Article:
Most insular communities exhibit nestedness, with the species assemblages of the more depauperate islands constituting subsets of those of the richer. Several methods for the estimation and evaluation of nestedness have been developed during the last fifteen years. In this paper we
use two of the more recent and elaborate methods, namely the ‘temperature’ method of Atmar and Patterson and the ‘departures’ method of Lomolino, in order to investigate patterns of nestedness in the distribution of two well studied and speciose animal groups, terrestrial
isopods and land snails, in the Kyklades archipelago (Aegean Sea. Greece) that lies between two continental regions, Significant nestedness is present in both species assemblages and, surprisingly, each method gives almost identical levels of nestedness for the two animal groups. Isolation
has been found to be more important in producing nestedness in both groups than area, which does not seem to be an important explanatory factor. However, the role of isolation in this case is better understood under an historical perspective, taking into account the complex palaeogeography
of the region and the differential departmentalisation of distinct island groups. Additionally, certain metrics of habitat diversity that were included in the analysis were the best explanatory factors of nestedness, indicating a more complex causal pattern that also involves extinction. Since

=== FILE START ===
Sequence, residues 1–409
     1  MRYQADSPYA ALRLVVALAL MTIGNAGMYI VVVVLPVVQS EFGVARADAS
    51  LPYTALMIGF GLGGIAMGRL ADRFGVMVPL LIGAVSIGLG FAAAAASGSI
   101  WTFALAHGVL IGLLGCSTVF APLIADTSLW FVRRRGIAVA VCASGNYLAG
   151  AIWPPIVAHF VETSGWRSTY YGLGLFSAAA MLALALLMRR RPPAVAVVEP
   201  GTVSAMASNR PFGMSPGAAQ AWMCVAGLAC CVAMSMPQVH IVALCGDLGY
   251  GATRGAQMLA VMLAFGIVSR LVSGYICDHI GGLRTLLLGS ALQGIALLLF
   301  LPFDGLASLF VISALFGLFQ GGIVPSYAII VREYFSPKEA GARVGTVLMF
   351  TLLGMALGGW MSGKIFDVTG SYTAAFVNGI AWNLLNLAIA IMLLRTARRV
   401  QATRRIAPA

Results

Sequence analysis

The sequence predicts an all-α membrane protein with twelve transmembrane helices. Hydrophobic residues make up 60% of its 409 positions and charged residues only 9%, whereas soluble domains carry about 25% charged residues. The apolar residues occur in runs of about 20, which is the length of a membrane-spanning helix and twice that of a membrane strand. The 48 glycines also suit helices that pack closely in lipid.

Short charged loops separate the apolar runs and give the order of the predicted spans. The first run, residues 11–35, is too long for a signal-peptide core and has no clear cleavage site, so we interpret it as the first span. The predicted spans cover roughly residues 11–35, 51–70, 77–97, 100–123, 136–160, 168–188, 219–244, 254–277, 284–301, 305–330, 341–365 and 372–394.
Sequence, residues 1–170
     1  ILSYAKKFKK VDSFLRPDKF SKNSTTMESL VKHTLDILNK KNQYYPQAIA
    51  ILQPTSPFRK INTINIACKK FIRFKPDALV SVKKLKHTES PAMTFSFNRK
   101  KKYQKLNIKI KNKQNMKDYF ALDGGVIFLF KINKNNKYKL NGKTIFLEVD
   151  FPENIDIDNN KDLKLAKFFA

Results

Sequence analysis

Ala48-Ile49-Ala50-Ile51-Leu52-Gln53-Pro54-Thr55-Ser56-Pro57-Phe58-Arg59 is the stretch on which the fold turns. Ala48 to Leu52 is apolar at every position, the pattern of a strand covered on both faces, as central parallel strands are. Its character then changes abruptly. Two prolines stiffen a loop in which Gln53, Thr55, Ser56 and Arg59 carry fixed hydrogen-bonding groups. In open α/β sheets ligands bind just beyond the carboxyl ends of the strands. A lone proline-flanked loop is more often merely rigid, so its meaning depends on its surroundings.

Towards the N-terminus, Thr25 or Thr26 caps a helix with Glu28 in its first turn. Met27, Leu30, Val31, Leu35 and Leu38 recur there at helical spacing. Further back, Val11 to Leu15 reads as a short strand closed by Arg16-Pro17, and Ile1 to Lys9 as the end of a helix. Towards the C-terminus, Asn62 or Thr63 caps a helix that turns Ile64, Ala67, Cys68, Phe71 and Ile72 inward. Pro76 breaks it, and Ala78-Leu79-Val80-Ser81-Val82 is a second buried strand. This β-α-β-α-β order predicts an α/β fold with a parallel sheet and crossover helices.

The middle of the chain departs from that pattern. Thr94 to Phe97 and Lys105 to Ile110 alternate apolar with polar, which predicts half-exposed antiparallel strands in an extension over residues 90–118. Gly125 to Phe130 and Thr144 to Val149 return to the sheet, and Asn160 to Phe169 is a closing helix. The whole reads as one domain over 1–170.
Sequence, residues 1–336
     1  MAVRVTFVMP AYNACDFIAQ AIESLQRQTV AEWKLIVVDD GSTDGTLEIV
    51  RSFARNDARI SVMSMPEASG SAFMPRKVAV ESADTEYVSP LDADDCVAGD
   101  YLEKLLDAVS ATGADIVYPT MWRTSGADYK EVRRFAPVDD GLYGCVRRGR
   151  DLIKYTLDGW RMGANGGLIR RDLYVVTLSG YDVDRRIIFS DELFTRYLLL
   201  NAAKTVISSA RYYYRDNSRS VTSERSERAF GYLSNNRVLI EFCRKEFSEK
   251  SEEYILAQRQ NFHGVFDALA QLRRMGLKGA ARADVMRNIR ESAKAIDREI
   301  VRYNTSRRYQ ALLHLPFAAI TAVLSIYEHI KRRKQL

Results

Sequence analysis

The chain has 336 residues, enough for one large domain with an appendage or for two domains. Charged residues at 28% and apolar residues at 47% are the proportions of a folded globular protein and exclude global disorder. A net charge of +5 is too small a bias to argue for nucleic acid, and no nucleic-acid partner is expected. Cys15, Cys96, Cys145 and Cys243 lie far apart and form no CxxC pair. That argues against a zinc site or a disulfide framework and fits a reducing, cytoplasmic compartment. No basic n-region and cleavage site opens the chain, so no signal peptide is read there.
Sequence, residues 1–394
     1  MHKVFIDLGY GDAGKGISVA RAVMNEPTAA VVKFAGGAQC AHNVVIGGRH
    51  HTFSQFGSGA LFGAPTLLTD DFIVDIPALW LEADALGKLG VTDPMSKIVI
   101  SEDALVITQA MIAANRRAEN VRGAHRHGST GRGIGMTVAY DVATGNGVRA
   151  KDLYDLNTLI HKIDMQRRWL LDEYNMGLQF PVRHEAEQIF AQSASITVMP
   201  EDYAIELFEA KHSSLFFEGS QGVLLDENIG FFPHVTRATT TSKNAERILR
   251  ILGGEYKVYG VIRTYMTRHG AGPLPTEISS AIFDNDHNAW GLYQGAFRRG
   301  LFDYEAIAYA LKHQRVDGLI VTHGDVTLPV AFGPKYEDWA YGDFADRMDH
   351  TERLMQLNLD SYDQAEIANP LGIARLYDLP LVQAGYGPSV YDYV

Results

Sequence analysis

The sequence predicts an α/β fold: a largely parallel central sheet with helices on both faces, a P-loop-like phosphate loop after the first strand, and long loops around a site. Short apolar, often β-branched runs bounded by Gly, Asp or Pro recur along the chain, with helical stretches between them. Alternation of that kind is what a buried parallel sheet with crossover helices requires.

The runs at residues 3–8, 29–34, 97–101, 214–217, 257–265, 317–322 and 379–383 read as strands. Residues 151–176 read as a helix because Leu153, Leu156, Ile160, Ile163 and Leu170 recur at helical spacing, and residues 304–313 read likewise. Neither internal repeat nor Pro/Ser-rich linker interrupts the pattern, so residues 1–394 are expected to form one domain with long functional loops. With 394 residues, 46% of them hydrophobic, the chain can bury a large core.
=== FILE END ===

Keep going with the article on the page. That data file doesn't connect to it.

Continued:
the two methods used are based on different assumptions and have different scopes, their results do not converge. The ‘temperature’ method finds the maximum possible nestedness in an island sorting which does not necessarily lead to plausible biogeographical explanations, while
the ‘departures’ method, although more useful in detecting causality, fails to fully evaluate levels of nestedness. Nevertheless, both methods are valuable tools in the exploration of interesting distributional patterns, when this effort is accompanied by a good understanding of
historical, ecological and idiosyncratic properties of each particular data set.
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Document Type: Research Article
) and S. Giokas. Zoological Museum, Dept of Biology, Univ. of Athens. GR-15784 Athens, Greece. – M. Mylonas, Dept of Biology. Univ. of Crete, P.O. Box 1470, GR–71110, Greece.
August 1, 1999